[jdev] Re: Re: The State of Our Code-bases

Trejkaz Xaoza trejkaz at xaoza.net
Thu Sep 2 06:35:32 CDT 2004


On Thu, 2 Sep 2004 20:12, you wrote:
> By contrast, Jabber is not 'the only game in town' when it comes to
> instant messaging.  In fact, if it's trying to become a popular
> end-user IM solution, instead of just a corporate solution (where, yes,
> it is in a much smaller playing field), then it is actually struggling
> against several very-entrenched players.  Each of the Sendmail
> alternatives offered something to the target audience (system
> administrators): better performance, less security holes, modular
> design, etc.

A second ago we were talking about one implementation of a protocol, but now 
we're talking about a protocol in a sea of closed protocols.  I'm sure there 
were plenty of closed electronic mail implementations when Sendmail reared 
its head too, and their existence is largely irrelevant here.

Why?  Well, if you think it's so hard to set up Jabberd, try setting up an MSN 
server.  What's that, you can't?  Why not?  Too hard?  Maybe the best selling 
point of Jabber is "that you can."

The competitors in the space I was really talking about are Ejabberd and 
Jabberd.  Ejabberd is probably far better on the usability side... I wouldn't 
know, as it still can't do virtual hosting, which would be the top priority 
feature if it were to take the place of Jabberd on a server which uses this 
feature.

Jabberd is less than ideal, but only because whatever distributions are 
shipping it, must be shipping it with a configuration which simply doesn't 
work.  If it worked, there wouldn't be so much criticism around here.

Is Apache so easy to set up?  Hell no.
    Start with a blank configuration, and now you tell me what needs to be 
added to make it work.  You might know, but if you know, then you're probably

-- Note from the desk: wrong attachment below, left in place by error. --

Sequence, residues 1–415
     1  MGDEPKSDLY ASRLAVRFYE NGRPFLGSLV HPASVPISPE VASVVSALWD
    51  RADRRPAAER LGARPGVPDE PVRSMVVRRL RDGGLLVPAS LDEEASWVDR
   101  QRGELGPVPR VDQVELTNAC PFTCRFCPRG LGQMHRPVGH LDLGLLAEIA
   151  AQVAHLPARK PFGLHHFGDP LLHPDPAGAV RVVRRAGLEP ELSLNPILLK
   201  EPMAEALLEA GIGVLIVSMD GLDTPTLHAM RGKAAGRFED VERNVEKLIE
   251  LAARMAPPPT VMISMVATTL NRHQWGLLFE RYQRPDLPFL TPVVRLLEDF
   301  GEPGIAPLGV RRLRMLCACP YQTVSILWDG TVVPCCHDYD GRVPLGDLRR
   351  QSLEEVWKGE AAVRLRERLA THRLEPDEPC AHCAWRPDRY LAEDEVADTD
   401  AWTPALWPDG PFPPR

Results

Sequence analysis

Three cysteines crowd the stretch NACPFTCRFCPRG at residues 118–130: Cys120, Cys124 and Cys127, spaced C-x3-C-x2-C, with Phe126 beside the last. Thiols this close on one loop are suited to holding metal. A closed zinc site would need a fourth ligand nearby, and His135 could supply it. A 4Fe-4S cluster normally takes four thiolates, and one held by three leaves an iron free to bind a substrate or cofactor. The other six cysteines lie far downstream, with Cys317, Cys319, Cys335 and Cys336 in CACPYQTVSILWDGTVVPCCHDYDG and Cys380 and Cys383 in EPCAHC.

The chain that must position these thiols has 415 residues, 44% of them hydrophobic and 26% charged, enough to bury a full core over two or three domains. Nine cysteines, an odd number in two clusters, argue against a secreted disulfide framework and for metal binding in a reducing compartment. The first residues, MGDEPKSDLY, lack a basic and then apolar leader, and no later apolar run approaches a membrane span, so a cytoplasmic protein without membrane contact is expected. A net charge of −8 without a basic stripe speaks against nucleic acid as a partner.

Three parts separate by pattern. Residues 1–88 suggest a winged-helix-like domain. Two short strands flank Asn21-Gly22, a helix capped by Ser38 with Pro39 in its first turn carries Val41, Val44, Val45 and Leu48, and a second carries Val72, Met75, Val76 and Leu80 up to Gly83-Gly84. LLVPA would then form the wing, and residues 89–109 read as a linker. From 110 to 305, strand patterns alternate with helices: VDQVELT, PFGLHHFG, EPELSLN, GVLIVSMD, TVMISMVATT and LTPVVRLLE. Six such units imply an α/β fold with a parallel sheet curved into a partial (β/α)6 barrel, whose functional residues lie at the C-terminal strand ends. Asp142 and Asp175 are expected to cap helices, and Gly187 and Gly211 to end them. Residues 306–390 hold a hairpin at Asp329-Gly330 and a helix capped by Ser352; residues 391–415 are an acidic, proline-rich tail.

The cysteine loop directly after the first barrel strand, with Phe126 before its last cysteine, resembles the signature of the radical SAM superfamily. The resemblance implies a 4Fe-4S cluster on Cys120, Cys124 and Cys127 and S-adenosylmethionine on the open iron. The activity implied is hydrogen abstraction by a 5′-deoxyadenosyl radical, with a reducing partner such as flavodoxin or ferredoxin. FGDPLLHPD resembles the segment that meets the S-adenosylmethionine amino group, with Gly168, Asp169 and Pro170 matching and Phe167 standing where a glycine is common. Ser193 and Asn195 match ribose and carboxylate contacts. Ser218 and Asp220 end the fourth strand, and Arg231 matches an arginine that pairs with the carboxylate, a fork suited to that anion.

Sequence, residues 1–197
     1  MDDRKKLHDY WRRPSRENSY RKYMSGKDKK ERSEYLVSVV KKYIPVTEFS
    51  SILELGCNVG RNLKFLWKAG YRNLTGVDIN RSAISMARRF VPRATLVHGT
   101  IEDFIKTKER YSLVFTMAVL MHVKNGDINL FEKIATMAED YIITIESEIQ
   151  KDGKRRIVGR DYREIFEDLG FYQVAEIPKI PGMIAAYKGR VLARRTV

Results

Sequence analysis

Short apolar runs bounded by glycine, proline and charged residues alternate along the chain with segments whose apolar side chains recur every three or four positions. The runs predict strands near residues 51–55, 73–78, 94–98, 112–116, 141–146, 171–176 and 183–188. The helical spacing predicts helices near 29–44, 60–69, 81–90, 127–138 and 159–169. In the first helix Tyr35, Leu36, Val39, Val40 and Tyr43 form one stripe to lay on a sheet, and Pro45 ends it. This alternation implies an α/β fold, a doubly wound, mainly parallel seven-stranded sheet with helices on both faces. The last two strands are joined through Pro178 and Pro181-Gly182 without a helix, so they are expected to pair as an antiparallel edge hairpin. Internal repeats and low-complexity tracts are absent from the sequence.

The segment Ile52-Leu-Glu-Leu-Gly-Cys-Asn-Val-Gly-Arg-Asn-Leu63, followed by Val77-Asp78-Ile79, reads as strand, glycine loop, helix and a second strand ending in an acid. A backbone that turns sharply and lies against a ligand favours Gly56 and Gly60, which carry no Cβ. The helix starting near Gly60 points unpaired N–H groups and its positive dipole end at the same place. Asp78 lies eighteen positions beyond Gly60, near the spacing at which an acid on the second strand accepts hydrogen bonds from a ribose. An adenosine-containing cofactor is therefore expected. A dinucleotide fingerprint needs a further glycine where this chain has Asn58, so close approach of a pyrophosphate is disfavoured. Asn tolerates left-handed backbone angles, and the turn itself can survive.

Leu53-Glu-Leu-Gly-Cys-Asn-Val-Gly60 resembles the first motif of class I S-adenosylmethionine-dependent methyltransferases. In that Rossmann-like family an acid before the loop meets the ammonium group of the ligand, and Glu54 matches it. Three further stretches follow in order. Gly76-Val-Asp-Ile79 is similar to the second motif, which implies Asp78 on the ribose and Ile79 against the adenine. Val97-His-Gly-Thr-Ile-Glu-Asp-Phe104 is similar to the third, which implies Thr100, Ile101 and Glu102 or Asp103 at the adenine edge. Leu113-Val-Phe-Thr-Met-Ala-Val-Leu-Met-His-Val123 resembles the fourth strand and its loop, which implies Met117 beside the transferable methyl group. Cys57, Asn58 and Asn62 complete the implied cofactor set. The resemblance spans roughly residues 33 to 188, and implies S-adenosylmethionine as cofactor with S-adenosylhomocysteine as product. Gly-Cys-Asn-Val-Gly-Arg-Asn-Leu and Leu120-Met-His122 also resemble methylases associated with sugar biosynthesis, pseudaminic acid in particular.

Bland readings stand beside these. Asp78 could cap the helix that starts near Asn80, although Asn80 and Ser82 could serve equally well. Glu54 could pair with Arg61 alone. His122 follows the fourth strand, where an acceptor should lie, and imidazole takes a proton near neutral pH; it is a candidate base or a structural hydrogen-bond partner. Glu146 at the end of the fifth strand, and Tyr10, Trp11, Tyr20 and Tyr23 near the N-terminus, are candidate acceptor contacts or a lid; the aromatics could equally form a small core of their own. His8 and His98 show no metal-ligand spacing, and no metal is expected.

an expert.
    Start with the sample config which came in the distribution and it might 
work, but it won't necessarily help.
    But install it from a distro's packages, and the configuration _there_ 
will work out of the box.  There is your ease of use for Apache.

Now Jabberd.
    Starting with a blank configuration, hard as always.
    Starting with the sample config, you have to replace a few strings, 
basically the same as Apache... the server name, admin names, and a couple of 
other things.
    But again, install it from a competent distro's packages, and the 
configuration is supposed to work out of the box.

That there is still so much criticism directed at Jabberd for its difficulty 
to get working, reflects not only on Jabberd itself, but on the people who 
created packages for their distros, which were supposed to work out of the 
box.

So why don't we direct the attention _there_?  If all Jabber packages on all 
distros worked out of the box, would there still be a good excuse not to run 
it?

TX

-- 
'Every sufficiently advanced technology is indistinguishable from magic' - 
Arthur C Clarke
'Every sufficiently advanced magic is indistinguishable from technology' - Tom 
Graves

             Email: Trejkaz Xaoza <trejkaz at xaoza.net>
          Web site: http://xaoza.net/trejkaz/
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